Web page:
We take plenty of time to get an accurate patient history in order to understand the real problems from which our patients are suffering. During the subsequent examination, there will be a detailed inspection of the perianal region using a finger (digital rectal examination). The texture and function of the sphincter will be taken into account in particular.
A colonoscopy is carried out to examine the rectum. In order to do this, a small amount of air is blown in, which is then removed again at the end of this examination. Among other things, this colonoscopy serves as a precaution against intestinal cancer.
In the subsequent proctoscopy, the lower half of the rectum is examined, in particular the region in which the stool is released, taking into account haemorrhoidal tissue (haemorrhoids). In this way, changes can easily be recognised and immediately treated. If necessary, tissue samples may also be taken and passed on to the pathologists for examination.
For certain issues, we will request laboratory tests of the blood and the stool. Stool tests are becoming increasingly important in terms of our patients' nutritional status and in order to check the intestinal health.
In proctology, conservative treatment can be carried out to an unlimited extent in an outpatient environment and does not require any preparation. This includes the sclerotherapy of both the haemorrhoids and other changes to the lower half of the rectum. If there are extensive results in this section of the intestine, the rubber band ligation known as Barron is used. These two procedures are pain-free. With the rubber band ligation, symptoms can occasionally occur for short periods in some sections of the intestine, but these can be treated with painkillers.
In the region of the skin in and around the anus, ointments, creams and sometimes suppositories with various different active ingredients can be used. It is most sensible for this to take place after the treatment of the intestine, as inside almost exclusively the causes of the external symptoms can be found.
Part of conservative therapy is also individual diet optimisation. Supplementary to this and in support of this, the intestinal flora must be controlled and if necessary stabilised. It is precisely poor diet, environmental toxins, heavy metals, food intolerances and treatment with antibiotics, chemotherapeutic agents, painkillers and cortisone which lead to damage to the "useful" and "important" intestinal bacteria. This means that less useful or pathogenic bacteria (those which make you ill) can multiply to a disproportionate extent. The intestinal flora shifts and important symbioses are lost, resulting in disturbances to digestion and impairment of the immune system.
Where there is decreased sphincter strength for any of a wide range of reasons, pelvic floor exercises and biofeedback therapy are part of conservative treatment.
I carry out more than 90% of proctological operations in an outpatient or short-term hospitalisation environment. The operations are all carried out in accordance with regulations and are based around the patient's general risk.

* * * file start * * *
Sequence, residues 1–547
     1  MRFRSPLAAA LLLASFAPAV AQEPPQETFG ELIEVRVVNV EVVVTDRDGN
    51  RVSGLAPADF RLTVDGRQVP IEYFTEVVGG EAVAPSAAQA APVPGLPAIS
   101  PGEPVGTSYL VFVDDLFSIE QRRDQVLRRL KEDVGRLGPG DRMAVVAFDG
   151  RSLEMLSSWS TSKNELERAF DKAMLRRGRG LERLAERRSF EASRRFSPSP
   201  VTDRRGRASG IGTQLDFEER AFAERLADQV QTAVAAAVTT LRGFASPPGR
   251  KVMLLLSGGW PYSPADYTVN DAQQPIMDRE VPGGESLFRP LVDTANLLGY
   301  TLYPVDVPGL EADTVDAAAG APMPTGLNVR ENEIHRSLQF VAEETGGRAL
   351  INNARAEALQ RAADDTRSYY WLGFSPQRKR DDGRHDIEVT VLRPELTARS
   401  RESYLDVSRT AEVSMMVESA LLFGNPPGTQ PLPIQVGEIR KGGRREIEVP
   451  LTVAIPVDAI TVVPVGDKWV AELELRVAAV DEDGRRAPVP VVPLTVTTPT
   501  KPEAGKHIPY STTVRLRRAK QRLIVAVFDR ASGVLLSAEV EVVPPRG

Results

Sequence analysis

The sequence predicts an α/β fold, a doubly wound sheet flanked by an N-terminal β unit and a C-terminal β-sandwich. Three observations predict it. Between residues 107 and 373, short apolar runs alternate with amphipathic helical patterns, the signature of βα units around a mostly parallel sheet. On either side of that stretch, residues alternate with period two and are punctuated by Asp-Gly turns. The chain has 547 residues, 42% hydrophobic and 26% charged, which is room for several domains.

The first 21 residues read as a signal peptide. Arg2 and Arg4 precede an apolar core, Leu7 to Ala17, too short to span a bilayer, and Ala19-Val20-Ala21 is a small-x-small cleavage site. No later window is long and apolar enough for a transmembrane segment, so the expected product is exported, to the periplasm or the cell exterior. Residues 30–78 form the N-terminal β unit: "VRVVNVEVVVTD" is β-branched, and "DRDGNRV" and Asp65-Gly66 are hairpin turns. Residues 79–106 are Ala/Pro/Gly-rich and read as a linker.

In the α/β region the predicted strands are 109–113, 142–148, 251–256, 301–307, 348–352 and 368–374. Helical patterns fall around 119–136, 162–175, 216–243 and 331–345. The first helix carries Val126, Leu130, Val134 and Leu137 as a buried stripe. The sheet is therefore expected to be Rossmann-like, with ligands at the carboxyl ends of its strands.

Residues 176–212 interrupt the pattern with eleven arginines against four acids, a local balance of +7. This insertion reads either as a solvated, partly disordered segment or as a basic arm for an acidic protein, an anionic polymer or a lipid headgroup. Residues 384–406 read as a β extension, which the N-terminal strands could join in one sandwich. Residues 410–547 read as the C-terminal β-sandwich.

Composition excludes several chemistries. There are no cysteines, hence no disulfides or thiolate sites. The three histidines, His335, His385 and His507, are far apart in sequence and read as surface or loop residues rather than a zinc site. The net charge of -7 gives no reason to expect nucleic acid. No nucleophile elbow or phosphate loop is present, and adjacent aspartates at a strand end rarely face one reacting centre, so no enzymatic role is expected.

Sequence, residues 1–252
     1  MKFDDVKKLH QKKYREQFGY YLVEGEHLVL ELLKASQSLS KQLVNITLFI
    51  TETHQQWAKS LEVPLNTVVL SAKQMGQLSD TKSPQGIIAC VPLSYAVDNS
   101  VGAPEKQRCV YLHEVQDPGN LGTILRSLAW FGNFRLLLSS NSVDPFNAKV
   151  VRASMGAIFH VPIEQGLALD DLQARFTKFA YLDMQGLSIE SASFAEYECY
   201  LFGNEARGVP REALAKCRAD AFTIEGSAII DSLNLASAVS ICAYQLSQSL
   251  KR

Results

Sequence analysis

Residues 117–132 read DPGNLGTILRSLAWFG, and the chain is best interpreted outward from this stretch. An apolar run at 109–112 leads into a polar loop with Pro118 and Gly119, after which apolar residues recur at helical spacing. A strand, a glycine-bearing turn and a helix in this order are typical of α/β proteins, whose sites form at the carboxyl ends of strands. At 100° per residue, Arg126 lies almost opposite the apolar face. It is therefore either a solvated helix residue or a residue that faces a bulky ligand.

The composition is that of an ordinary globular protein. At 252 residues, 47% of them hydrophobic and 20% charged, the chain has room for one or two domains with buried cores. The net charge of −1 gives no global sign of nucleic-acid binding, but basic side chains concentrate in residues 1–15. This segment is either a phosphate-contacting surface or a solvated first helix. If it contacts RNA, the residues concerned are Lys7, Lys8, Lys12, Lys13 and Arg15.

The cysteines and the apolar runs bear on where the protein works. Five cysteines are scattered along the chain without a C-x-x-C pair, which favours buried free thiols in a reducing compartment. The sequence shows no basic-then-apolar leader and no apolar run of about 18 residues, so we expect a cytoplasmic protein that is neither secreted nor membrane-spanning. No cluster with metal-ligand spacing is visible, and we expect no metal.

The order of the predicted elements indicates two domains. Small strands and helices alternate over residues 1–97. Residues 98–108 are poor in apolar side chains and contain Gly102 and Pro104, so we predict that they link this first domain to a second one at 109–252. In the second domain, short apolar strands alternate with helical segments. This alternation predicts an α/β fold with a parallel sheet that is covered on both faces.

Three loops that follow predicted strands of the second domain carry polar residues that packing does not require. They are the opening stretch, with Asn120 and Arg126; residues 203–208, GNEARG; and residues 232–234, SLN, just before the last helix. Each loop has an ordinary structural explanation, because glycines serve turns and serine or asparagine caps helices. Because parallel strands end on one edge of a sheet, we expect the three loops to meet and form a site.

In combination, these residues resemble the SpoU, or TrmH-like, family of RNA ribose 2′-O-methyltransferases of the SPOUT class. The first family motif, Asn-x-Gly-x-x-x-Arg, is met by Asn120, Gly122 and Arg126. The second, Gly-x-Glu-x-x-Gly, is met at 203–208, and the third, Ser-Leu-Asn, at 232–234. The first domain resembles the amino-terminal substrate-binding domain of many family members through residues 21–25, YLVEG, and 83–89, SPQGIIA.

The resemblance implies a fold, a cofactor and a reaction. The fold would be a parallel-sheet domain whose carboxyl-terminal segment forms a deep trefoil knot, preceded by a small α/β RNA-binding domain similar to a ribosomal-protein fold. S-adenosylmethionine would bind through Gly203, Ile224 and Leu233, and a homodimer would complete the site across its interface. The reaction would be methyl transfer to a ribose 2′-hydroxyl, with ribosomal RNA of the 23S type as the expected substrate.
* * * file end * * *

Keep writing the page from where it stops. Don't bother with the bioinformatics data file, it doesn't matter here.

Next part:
I carry out operations which require local anaesthetic in the practice.
I carry out operations under general anaesthetic in the outpatient operation centre (Ambulantes Operations-Zentrum, AOK) Munich North, where the anaesthetic is administered by experienced anaesthetists. This also includes monitoring in the period after the anaesthetic.
From the moment they are discharged from the AOZ, I am available as a contact and attending physician for my patients around the clock until they are completely healed.
Range of operations
Operations on anal thrombosis, short fissures, anal abscesses, short anal fistulas and the removal of individual skin tags are all carried out under local anaesthetic. The removal of hypertrophic anal papillas and deep rectal polyps are carried out under local anaesthetic. Infections such as condylomata acuminata (genital warts) are treated under local or general anaesthetic depending on the extent of the infection.
Operations which are carried out under general anaesthetic include those for deep anal fissures, which are carefully cut out. Anal fistulas are treated with a variety of different methods depending on the progression. This may be simple splitting, excision, a mucosal flap, fistula pulling or bracketing using OTSC proctology. It is sometimes also necessary to reconstruct the sphincter.
The most important criterion for these operations is that the function of the sphincter muscle may not be impaired after the operative wound has healed.
Further operations which are carried out under general anaesthetic are those for haemorrhoids. I offer the operation methods in accordance with by Milligan-Morgen or Ferguson. I also offer haemorrhoidopexy in accordance with Longo, a method which involves the use of a circular stapler – probably the most commonly used operative method for haemorrhoids nowadays.
Transanal excision and removal of polyps are also carried out under general anaesthetic, as is the reconstruction of the sphincter.